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Dead of Minnesota winter, and my sister finds an iguana in a snowbank. Thing’s frozen solid. We put it in a pillowcase, and the tail sticks out the top, and then we bike all the way out to Moorhead and keep hitting these ice chunks. The iguana goes flying. We have to collect it all over again.
When we get to campus, we find the biology department. Some woman’s there. She looks younger than you’d think, and she takes the thing into this back office, and I imagine she’s got a microscope. A scalpel. My sister’s sitting on a bench in the hallway, leaning against a glass case, and there’s plants in there or something. Fungus. It all looks fake or calcified or I don’t know what, and when the woman comes back out she says it’s real. What do you mean? I say, and she says, The iguana, and it’s clinical. All fucking business. We look at her like she’s got four heads because of course it’s real, and we can tell dead from plastic, and then she tells us it was a girl. Female, she says. Just laid eggs. I don’t know how she knows that. Don’t ask neither. It’s only later I think like maybe she’s fucking with us, and maybe she isn’t even a biologist, or at least not a very good one anyway, but my sister, she’s never been happier. Spends the whole ride back smiling off into space, and we leave the iguana there, and I get phone calls. Years later. Mom and Dad die, and we sell the farm, and she puts a rider on the purchase agreement that says anybody finds an iguana anywhere on the property it’s got to be reported to this email she sets up just solely for that specific purpose, and the buyers, they find this whole thing charming if you can believe it. They let her onto the property whenever she’s in town, two, three times a year, and I’ve only been with her the once, but there she is, digging in the dirt. Got binoculars. Looks real serious. Brings a camera and documents every search, year by year and visit by visit, and she says how iguanas are adaptable and invasive and communicative, and I try to tell her about pet stores and practical jokes, but she sticks with it firm. Thorough. On her knees and combing the ground and telling anyone who’ll listen oh, they’re there alright. All you have to do is keep your eyes on the road.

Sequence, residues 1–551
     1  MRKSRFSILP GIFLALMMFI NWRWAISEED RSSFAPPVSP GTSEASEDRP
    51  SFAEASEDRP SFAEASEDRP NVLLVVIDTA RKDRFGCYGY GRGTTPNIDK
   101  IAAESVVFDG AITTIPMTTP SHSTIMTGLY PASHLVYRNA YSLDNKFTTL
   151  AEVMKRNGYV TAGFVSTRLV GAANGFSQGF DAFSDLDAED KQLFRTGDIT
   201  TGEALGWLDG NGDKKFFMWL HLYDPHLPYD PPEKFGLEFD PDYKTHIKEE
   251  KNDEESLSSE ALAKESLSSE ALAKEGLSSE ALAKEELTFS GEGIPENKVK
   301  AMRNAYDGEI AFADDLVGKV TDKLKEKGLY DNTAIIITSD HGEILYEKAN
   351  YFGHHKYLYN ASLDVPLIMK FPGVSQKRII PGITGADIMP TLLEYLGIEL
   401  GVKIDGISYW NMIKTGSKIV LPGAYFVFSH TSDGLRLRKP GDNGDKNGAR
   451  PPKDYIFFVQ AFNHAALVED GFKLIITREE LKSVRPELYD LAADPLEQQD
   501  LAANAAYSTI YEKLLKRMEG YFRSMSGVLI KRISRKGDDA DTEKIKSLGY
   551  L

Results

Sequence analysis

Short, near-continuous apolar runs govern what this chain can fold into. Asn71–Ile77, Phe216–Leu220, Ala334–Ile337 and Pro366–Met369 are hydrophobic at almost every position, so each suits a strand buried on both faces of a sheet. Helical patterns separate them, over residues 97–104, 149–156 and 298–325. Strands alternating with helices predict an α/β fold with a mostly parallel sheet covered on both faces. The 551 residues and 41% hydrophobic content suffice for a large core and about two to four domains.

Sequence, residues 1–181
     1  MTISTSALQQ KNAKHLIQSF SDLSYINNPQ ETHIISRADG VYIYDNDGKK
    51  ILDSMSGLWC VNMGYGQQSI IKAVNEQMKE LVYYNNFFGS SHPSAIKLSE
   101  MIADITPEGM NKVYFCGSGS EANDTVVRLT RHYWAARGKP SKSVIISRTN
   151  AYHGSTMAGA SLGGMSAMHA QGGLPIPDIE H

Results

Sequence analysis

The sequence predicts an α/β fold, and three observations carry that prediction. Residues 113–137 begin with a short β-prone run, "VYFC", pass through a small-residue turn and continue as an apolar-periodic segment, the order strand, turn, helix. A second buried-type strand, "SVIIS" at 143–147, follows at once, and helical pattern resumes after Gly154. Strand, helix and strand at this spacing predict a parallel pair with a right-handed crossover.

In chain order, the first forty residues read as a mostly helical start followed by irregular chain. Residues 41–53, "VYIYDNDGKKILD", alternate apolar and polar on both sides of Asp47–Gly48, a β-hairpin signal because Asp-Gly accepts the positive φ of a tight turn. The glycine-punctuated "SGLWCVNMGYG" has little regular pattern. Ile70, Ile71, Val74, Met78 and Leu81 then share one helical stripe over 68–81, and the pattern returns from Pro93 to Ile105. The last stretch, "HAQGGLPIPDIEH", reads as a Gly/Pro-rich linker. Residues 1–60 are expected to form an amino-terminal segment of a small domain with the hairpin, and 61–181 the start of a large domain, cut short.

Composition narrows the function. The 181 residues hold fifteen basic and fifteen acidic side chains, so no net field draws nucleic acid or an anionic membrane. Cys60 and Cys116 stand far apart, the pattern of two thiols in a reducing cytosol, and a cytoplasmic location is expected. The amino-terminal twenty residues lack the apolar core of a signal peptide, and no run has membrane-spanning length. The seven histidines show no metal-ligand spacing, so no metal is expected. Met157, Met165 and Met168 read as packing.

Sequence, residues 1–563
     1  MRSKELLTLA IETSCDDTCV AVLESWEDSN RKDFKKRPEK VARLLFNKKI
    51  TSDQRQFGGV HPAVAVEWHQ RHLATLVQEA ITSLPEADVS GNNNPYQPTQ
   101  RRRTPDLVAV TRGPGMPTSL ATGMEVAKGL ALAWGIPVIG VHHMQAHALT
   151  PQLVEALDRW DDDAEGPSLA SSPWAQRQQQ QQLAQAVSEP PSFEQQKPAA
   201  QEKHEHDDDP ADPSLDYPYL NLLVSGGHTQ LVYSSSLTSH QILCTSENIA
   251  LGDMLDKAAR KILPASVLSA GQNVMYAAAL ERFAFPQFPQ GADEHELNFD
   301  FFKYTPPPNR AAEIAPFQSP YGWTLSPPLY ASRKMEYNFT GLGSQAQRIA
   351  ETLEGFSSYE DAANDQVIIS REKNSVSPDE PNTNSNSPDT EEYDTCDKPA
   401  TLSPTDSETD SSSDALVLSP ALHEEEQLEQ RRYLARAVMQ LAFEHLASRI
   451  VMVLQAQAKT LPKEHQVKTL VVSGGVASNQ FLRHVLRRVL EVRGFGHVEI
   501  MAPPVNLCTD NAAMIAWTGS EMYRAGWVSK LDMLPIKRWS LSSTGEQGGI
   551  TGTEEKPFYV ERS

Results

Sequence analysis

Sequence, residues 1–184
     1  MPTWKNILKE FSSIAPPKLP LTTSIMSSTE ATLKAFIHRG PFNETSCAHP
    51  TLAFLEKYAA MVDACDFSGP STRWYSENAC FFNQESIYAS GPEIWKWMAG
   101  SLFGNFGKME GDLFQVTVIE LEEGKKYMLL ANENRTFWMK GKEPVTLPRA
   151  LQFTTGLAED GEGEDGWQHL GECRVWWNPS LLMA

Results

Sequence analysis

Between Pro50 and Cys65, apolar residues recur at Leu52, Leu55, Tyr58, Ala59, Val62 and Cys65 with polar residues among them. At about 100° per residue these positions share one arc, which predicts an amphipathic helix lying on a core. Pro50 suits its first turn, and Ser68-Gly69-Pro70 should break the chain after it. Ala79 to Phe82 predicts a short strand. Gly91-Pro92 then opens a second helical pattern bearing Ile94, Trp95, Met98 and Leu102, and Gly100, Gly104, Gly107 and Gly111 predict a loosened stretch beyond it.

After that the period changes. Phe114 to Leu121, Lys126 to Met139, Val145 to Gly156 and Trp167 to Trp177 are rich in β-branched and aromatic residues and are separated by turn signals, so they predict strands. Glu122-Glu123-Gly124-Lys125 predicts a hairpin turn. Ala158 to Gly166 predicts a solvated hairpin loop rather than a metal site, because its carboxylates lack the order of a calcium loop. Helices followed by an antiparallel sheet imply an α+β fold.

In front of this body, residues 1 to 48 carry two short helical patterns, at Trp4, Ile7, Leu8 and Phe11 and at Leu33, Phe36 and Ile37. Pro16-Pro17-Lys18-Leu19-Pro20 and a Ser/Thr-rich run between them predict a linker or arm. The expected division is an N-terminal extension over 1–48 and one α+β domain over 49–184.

Brett Biebel teaches writing and literature at Augustana College in Rock Island, IL. His (mostly very) short fiction has appeared in Hobart, SmokeLong Quarterly, The Masters Review, Wigleaf, and elsewhere. It's also been chosen for Best Small Fictions and as part of Wigleaf's annual Top 50 Very Short Stories. 48 Blitz, his debut story collection, is available from Split/Lip Press.